Negotiating Summer Holiday Childcare Arrangements
- AuthorCatherine Wheatcroft
With the school holidays upon us, many parents will be preparing themselves for six weeks of juggling their work commitments and spending time with their children.
For divorced or separated parents, being able to rely on each other for backup childcare may no longer be an option unless you are on good terms. Amanda Brown, Solicitor at Family Law Group in Nottingham, gives you her top tips for negotiating childcare arrangements with your ex and staying on favourable terms:
- Agree a set timetable – You may already have plans in place for term-time arrangements, but the school holidays may demand more flexibility on all sides. However, having a set timetable of when you will each have the children over the holidays can help you to plan work and other commitments around your childcare duties.
- Handover in a neutral place – If the fallout from your divorce or separation is still raw, then it may be easier emotionally to hand over the children in a neutral place, such as a park or coffee shop. Keeping it public can help to avoid the temptation to have an argument.
- Make sure you are on time – While sometimes a delay is unavoidable, being persistently late for collecting or dropping off the children will only lead to resentment. You may no longer have goodwill on your side, especially if you keep your ex waiting when they need to get to work. So show courtesy and telephone, or text, if you are held up in traffic or know you are going to be late.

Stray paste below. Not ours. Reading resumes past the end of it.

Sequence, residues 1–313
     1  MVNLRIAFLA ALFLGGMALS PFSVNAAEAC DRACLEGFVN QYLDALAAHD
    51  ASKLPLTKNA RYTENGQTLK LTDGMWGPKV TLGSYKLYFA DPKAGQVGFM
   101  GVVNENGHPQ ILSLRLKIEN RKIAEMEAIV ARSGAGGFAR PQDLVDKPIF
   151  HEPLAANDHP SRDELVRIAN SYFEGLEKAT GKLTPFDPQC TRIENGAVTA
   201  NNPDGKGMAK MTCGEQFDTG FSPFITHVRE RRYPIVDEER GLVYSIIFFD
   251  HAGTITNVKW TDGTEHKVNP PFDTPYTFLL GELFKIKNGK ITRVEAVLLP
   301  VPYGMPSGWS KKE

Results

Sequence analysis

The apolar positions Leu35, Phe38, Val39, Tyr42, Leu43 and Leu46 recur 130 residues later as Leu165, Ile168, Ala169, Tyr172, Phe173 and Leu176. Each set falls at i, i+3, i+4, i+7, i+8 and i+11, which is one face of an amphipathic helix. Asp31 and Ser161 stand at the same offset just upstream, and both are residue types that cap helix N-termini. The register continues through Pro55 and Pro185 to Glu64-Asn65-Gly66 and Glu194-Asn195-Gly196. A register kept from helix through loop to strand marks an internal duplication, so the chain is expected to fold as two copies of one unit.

- Avoid rows on the telephone – Children witness a lot more than parents may be aware of, and their senses are heightened when there is family turmoil. You may think they are playing in the other room, but they may well be listening at the door. Arguments on the telephone can be particularly unproductive, leaving both sides feeling resentful. If there is a problem, discussing it face-to-face, without the children, is more likely to resolve it.
- Keep money and contact separate – Do not be tempted to hold the kids to ransom if your ex is late with a child maintenance payment. Even if your ex has not paid a penny of child maintenance, preventing them from seeing the children could backfire on you. Children are entitled to have contact with both parents, and except in exceptional cases, the family court is likely to agree.
Negotiating arrangements for children with your ex can be difficult but if approached positively, you could be able to rely on each other for support even at short notice. However, you may want to agree a set of rules beforehand. For example, would you be happy for a new partner or grandparents to look after the children if your ex is not available? Are there activities that you would prefer the children not to take part in, such as going to a theme park or trampolining? As they get older, you may need to discuss rules for curfews and friends.
Using Mediation or Collaborative Law can be an excellent way for parents to negotiate arrangements for children. For more information on making arrangements for children or any family law matter, contact Family Law Group on 0115 945 4555 or email email@example.com